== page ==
I was asked if Guatemala is safe by another traveler while hanging out in a hostel in Argentina. And let’s be honest, Guatemala is much less developed than Argentina, so it’s a legitimate question. It’s not the first time we have been asked about traveling in Guatemala, although the questions did usually come up when we were in South America. You don’t get asked such a question in Central America, mostly because all those countries are relatively the same in terms of safety and infrastructure less Costa Rica.
Safe is an Opinion
This is a very difficult question to answer, not because I think Guatemala is unsafe, but rather because the answer is an opinion. When speaking about travel safety, you want to hear facts or concrete evidence to squabble your fears. The only evidence I have is that Aracely and I traveled most of Guatemala for over a month and were never knowingly in danger. I am not asking you to make a judgement on the safety of traveling in Guatemala based on our experience alone, however all I can share is our experience.
Guatemala was the first country we visited on this backpacking journey and the most underdeveloped country I had ever been to. I should clarify by saying, I have never really traveled much beyond the United States, Spain and Germany. I was nervous. We were carrying a few thousand dollars worth of equipment and I not only had to worry about myself, but I felt responsible for Aracely’s safety too.
We had heard prior to visiting Guatemala that Guatemala City was very dangerous. Specifically, bus robberies and bus jackings were common by gangs. We made no plans to visit the city. When we arrived there by plane, we hopped on a shuttle bus to Antigua, “Gringo Town.”
While staying in Antigua, we did meet travelers that visited Guatemala City during the day for some sightseeing. They described it as any other major city, and had no bad experiences. We also were there when our hostel maid received a phone call that her sister was just hit and mugged while picking up her paycheck in the city. It’s all about experiences and what you may have heard. We decided to go bowling in the city one night. A bunch of us rented a private shuttle bus and all went well.
Antigua is the backpacking mecca of Guatemala. All the amenities you are used to exist here including WiFi, bars, dance clubs, laundry facilities, cafes, fast food chains, restaurants and major banks. If you can’t find something ask another traveler or the Tourist Police. I think Antigua is the perfect place to get your feet wet as a backpacker.
Antigua is usually the base camp for visiting other nearby attractions such as Lake Atitlan, Xela, Monterrico Beach, Semuc Champey or even Tikal. Tourists usually take shuttle buses around the country, but Chicken Buses (old American school buses) are available for the more daring. More daring in the sense that you really need to speak Spanish, be willing to travel slower and hope that you can figure out how to get from one destination to the other. The shuttle buses will take you directly to your destination, but it will be cramped.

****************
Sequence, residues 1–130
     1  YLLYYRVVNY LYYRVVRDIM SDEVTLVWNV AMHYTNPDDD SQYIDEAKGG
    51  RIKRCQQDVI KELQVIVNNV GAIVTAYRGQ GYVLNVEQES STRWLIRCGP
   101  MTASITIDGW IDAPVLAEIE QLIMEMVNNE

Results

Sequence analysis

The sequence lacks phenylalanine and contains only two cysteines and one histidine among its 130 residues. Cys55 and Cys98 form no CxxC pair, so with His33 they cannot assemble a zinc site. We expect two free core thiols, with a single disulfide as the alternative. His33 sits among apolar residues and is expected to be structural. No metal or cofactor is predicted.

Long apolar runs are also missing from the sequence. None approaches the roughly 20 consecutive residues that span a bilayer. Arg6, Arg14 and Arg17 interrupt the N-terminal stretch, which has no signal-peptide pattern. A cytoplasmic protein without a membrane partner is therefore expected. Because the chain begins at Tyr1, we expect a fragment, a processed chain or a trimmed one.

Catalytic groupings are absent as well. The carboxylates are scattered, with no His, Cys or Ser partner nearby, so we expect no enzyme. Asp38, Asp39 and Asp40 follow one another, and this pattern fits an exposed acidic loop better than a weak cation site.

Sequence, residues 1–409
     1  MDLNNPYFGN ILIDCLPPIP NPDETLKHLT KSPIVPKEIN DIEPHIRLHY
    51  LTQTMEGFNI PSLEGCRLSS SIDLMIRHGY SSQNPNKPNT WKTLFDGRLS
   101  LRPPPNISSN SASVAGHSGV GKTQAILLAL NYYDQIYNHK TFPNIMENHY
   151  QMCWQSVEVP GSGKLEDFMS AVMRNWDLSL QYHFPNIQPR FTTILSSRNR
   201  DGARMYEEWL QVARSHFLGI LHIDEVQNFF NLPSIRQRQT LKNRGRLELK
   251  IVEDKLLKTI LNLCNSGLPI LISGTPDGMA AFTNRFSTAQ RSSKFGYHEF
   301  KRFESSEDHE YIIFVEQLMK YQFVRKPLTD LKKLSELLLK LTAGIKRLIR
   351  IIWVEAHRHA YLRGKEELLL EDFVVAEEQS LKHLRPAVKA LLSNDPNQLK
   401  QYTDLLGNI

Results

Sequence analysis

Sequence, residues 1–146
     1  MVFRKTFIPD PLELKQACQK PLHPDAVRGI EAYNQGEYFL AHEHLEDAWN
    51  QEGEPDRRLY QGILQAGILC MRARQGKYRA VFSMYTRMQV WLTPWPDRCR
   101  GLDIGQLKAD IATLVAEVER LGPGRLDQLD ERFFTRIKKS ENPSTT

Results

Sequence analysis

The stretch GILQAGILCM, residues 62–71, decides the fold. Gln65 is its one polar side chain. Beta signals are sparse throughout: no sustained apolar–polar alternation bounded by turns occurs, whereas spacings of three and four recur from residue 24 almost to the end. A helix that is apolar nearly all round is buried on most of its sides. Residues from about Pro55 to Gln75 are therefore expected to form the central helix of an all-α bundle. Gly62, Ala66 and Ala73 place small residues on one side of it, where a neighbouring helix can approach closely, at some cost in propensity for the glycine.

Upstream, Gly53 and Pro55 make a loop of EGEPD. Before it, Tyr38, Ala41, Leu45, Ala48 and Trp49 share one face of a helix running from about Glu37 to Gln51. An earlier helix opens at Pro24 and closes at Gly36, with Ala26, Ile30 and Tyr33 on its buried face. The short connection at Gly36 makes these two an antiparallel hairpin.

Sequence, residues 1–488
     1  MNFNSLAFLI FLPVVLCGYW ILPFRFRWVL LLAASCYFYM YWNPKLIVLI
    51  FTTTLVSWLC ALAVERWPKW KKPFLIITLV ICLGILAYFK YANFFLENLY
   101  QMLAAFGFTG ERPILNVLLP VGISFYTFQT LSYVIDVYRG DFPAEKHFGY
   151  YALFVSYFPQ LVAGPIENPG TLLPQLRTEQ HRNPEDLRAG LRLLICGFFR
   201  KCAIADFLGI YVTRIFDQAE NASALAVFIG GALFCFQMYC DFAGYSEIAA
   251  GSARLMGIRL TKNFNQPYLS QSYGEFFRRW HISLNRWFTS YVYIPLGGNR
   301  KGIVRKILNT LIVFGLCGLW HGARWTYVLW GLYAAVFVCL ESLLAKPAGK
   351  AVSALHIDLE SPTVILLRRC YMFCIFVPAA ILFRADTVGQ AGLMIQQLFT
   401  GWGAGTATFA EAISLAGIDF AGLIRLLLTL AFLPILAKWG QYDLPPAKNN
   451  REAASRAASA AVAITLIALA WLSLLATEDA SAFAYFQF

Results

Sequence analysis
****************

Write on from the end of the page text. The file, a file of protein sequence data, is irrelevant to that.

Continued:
There are many volcanoes to climb in Guatemala and some have had a history of bandit attacks. Bandits are looking to rob you and possibly harm you. It’s very easy to avoid such treks. Just listen to the advice from tour agencies and hike volcanoes that are national parks. The tour agencies are always trying to request the government convert more volcanoes into national parks, but it’s a slow process. Once a national park, rangers patrol the area for your safety.
- Tikal National Park Video Tour
- Climbing Volcano San Pedro Video Tour
- Active Volcano Pacaya Video Tour
- Monterrico Beach Guatemala Video Tour
It may take some time getting used to seeing armed guards patrol everything from gas stations to jewelry stores. These aren’t your everyday mall cops, these guys all carry shotguns. It’s a bit intimidating, however that is what they are going for.
The people of Guatemala are kind, the country is explored by few and the adventures are endless. You won’t find roped walkways and concrete steps on your hike to Semuc Champey. You will find yourself saying, “This wouldn’t be legal in my country.” But, this is what makes it so exciting.
Be Smart Stay Safe
This article isn’t intended to persuade you to avoid Guatemala City, chicken buses or volcanoes that aren’t national parks. We are just suggesting alternatives if you want to play it safe. However, the best way to be safe is to be smart. Don’t carry things in pockets that can be easily pick pocketed. Try to make friends and travel in groups. Always be aware of your surroundings. These are things that Aracely and I do in every country we visit.
I think Guatemala is special. I know this because every time Aracely and I are asked about it, we light up and explain how much fun we had while traveling there.